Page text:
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Latest Research

Woman at ATM
Consumer Confidence Retreats Amidst Omicron Concerns

With new lockdown measures imposed this month, and COVID-19 cases and hospitalizations on the rise, it comes as no surprise that the Canadian consumer feels less confident. Future optimism might further erode as consumers spend less and save more due to the uncertainty facing future prices.

Quick take  |  2-min read
January 17, 2022
Focus Area—Canadian Economics

Cars being built on assembly line
Knee-deep in water, manufacturers shift into high gear in November

Flooding in British Columbia led to material shortages and transportation issues for several manufacturers in November, and many supply chain currents are still flowing against the industry. Yet, activity in the sector continued to grow. Motor vehicle manufacturing sales, which have been plagued by semiconductor shortages, managed to grow.

Quick take  |  2-min read
January 17, 2022
Focus Area—Canadian Economics

Girls in front of pc
Canadian Human Resources Metrics Benchmarking

Build and refine your Human Resources (HR) practices for managing your teams. Understand the current business environment, and know what’s changing. Our data from across Canadian industries and regions will help you see where you excel and where you can grow.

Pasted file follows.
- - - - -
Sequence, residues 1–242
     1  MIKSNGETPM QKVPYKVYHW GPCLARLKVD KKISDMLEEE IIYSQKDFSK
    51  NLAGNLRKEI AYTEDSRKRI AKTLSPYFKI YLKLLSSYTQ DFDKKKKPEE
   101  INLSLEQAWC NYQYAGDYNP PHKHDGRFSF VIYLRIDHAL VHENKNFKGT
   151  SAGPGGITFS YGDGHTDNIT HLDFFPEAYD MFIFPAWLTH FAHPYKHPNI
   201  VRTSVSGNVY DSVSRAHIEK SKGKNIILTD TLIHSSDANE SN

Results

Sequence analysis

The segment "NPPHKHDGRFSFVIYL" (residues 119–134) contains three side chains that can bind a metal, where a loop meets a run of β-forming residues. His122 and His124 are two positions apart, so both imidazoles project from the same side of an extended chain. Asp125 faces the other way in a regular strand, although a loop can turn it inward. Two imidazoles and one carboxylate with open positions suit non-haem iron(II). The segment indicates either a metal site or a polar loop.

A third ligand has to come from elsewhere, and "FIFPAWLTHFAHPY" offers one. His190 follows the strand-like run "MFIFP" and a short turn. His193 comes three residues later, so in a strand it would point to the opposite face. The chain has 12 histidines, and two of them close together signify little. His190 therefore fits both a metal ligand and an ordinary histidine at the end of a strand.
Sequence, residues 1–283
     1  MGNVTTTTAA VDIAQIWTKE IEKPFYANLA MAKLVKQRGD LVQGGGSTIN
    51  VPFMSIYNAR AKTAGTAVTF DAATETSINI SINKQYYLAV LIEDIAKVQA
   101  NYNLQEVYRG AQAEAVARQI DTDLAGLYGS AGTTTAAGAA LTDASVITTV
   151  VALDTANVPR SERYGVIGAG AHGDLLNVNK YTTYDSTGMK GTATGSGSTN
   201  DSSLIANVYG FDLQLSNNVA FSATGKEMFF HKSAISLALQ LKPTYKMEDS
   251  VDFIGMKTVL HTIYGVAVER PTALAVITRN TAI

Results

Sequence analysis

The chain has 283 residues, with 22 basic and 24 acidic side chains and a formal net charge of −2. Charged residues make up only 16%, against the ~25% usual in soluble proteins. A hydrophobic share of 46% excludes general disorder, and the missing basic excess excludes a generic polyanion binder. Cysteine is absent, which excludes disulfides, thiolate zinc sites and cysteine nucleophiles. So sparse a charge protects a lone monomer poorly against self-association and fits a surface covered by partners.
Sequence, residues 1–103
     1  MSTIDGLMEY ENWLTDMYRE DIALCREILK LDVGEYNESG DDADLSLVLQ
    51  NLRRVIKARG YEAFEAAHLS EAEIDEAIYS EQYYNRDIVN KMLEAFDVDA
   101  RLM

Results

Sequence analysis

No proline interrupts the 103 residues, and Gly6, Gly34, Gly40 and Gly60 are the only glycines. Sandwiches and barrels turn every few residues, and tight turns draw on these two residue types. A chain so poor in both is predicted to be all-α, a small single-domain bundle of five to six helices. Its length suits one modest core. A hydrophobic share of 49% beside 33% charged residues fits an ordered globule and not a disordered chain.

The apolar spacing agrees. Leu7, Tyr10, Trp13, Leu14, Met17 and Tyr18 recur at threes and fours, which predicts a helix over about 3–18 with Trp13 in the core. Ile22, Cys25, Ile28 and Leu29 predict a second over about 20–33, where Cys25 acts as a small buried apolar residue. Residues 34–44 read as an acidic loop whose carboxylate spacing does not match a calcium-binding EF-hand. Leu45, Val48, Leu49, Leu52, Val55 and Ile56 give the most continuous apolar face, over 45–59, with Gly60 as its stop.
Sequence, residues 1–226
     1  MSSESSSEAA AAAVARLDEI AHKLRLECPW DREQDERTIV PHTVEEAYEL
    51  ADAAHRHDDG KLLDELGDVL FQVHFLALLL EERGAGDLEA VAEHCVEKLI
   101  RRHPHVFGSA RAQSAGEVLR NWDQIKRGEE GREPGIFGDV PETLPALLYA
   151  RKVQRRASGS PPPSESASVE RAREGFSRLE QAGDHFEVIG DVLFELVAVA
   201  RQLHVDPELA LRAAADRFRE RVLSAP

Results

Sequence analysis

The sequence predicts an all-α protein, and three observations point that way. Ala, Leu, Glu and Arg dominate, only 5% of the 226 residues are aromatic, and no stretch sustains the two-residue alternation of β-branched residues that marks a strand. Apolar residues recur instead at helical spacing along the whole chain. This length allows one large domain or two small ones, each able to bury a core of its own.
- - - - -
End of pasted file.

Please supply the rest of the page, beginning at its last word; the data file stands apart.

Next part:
Online experience  |  8-min read
January 14, 2022
Focus Area—Human Resources

Truck driving down the road
Fuelling 2050: the Road Forward

In the past 10 years, many pathways have been developed to show how Canada can transition to net-zero greenhouse gas (GHG) emissions by 2050. Evaluating the best inputs and forecasts from this library of options through a lens of achievability rather than an aspirational one is a challenge. Aspiration is important, but with 29 years left to 2050, Canada’s energy system requires a “most likely outcome” for policy and practical guidance.

Impact paper  |  46-min read
January 13, 2022
Focus Area—Sustainability

Future Skills Centre Research

Two female students building a machine
Future Skills Summit

Our nation’s labour market is undergoing massive change. It’s being shaped by effects from the COVID-19 pandemic, as well as unprecedented demographic shifts, economic changes and technological advances. To navigate these disruptions and foster the future prosperity of Canada, we must support the lifelong skills development of our workforce.

Summit  |  Virtual
February 22–24, 2022
Client—Future Skills Centre

Values, Knowledge, and Vision: How Inuit Skills Can Strengthen Northern Economies

The relationship between the wage economy and the traditional land-based economy in Inuit Nunangat is complex—as is Inuit participation in both. Traditional land-based activities such as hunting and harvesting are integral to community food security and cultural continuity, but the ways in which Inuit experience and earn these livelihoods continue to evolve.

Primer  |  18-min read
December 20, 2021
Focus Area—Indigenous & Northern Communities
Client—Future Skills Centre

Boat in water
Made in Nunavut: Building Inuit Skills for Northern Offshore Fisheries and Beyond

Nunavut’s economy is largely dependent on mining and public administration. But the territory’s commercial fishery and associated marine capacity has continued to grow over the past two decades. Just prior to COVID-19, the Nunavut Fisheries Alliance estimated that the territory’s commercial fishery added $112 million to Canada’s 2019 GDP. This includes the fishery’s direct operations, its companies’ supply chains, and associated consumer spending.

Impact paper  |  30-min read
December 14, 2021
Focus Area—Indigenous & Northern Communities
Client—Future Skills Centre